According to my poll 33 people responded, which really isn't going to give out grandstanding statistical data. However, I thought I would share the results and my thoughts on the whole thing.
- Yes - Infrastructural = 16 votes or 48%
- Yes - Socially = 10 votes or 30%
- No - Infrastructural = 6 votes or 18%
- No - Socially = 12 votes or 36%
- Don't know = 6 votes or 18%
But not all citizens were happy about the event as some had to put up with inconveniences. Most mom and pop businesses around the main venue for the summit had to close their shops because of tight security.I don't live in that area but my boyfriend works nearby and told me since people were mostly taking the subway that driving was relatively easy.
At the same time, some office workers had to commute to work on public transportation, leaving their cars at home in order not to cause traffic congestion while delegations were on the move.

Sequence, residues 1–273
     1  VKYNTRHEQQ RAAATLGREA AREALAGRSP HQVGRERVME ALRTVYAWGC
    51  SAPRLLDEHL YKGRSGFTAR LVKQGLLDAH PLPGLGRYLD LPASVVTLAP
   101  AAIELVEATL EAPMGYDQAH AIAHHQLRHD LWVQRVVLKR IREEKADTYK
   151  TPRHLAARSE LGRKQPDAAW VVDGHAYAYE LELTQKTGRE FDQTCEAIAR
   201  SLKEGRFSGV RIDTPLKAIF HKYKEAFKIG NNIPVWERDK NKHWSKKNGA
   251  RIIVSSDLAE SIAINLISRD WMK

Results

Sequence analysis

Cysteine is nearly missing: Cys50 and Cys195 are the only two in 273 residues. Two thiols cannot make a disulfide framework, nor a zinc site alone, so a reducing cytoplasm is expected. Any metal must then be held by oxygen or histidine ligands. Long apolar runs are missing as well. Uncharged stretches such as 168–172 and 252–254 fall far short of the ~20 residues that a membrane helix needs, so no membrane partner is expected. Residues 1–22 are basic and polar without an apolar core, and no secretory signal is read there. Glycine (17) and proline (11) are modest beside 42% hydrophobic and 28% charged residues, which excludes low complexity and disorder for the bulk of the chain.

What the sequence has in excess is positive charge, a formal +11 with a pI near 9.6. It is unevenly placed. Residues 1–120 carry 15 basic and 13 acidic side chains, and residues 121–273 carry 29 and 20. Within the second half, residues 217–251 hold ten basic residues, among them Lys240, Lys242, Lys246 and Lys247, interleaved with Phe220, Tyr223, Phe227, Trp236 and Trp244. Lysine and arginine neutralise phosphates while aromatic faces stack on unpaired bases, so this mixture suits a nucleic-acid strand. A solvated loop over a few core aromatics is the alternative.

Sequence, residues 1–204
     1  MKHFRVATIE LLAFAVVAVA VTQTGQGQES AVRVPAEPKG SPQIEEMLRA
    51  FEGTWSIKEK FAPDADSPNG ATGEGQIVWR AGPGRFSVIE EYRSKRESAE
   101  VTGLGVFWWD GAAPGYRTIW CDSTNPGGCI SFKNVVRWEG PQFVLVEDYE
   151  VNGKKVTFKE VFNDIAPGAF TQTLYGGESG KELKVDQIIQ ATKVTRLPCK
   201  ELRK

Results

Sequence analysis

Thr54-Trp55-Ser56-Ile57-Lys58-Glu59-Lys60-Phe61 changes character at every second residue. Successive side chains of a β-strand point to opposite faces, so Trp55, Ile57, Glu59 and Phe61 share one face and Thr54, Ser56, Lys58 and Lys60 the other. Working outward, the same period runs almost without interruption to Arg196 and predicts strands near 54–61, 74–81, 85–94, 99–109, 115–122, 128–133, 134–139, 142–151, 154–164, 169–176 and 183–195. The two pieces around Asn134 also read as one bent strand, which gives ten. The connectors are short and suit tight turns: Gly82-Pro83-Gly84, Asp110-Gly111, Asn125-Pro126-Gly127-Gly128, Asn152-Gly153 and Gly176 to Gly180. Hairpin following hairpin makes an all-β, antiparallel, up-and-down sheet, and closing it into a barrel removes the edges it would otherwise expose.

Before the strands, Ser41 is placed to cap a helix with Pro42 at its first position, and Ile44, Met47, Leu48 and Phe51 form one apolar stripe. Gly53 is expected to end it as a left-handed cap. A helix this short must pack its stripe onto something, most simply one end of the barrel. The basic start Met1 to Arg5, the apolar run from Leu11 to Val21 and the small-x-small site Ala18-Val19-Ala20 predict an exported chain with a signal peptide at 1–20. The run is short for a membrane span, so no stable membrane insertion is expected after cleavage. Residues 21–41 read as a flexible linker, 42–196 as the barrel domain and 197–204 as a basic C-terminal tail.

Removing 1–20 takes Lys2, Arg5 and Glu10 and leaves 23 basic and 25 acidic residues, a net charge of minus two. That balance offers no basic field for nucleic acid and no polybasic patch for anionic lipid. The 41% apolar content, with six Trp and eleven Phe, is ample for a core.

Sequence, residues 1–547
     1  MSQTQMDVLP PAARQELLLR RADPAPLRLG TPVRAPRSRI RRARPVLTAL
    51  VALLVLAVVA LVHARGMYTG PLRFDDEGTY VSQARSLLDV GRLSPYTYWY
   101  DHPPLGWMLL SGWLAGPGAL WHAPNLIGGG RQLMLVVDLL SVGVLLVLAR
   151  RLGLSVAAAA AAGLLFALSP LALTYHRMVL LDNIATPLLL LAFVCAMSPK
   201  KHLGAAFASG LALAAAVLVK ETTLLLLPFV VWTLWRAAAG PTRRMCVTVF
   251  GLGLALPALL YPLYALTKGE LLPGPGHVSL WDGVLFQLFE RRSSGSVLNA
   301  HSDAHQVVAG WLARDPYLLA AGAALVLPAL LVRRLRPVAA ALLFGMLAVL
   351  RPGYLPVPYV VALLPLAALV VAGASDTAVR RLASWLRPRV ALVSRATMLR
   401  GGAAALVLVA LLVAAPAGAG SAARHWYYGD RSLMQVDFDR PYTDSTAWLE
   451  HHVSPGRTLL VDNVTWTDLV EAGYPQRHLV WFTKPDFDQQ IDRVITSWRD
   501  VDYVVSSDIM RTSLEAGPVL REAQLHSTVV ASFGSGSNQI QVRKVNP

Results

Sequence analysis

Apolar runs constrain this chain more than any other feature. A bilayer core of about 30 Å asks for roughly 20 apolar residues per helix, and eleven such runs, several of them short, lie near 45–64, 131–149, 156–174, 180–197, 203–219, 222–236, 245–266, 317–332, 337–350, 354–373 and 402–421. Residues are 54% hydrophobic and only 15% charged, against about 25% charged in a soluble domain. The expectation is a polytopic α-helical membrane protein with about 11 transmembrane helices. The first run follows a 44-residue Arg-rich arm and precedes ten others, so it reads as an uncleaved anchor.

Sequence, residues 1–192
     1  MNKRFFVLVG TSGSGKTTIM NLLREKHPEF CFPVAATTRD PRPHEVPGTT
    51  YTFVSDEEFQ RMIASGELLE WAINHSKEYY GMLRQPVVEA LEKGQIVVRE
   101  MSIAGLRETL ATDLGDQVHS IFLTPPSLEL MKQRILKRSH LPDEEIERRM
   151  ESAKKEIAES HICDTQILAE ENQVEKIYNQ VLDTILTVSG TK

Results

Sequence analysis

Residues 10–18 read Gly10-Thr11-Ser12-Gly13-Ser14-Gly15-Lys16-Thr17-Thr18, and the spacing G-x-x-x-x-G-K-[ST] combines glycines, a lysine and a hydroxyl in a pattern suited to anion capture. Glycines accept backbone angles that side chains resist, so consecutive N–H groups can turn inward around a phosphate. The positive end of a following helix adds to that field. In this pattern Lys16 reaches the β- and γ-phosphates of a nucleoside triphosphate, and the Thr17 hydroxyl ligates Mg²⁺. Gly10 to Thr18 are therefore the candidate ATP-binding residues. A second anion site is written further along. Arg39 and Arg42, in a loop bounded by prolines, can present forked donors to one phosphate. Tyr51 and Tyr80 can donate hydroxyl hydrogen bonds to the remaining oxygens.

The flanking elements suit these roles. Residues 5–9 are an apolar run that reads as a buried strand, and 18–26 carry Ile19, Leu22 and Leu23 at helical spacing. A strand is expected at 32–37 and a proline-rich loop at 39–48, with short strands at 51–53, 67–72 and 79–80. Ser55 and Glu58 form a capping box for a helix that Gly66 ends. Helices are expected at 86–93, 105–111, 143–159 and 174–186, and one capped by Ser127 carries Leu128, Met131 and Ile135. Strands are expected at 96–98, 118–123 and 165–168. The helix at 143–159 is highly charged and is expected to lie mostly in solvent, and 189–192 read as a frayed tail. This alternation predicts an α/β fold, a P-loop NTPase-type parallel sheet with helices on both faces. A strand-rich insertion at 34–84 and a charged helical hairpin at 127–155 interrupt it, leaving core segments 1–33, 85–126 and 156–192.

Socially, people said that Seoul wasn't quite ready. What did I mean by socially? It came down to how foreigners are treated and respected in Seoul and the whole country. Also it brought up how people act in public in extreme cases.
I realized, though, that this concern became moot since it was apparent that the people coming to the G20 were such high officials that they hardly walked around like pedestrians. Whether or not the reporters, spectators and protesters of the event were able to get a sense of Seoul in a social aspect is unknown.
What it also comes down to is that the G20 Summit was another way for the world to get a glimpse of the kimchi-nation. Maybe it sparked interest in some to find out more about Korea. Certainly this video showed some cultural aspects being presented during the summit. Or here...
In my opinion, Seoul was ready for the event and definitely made it safe for the visiting leaders.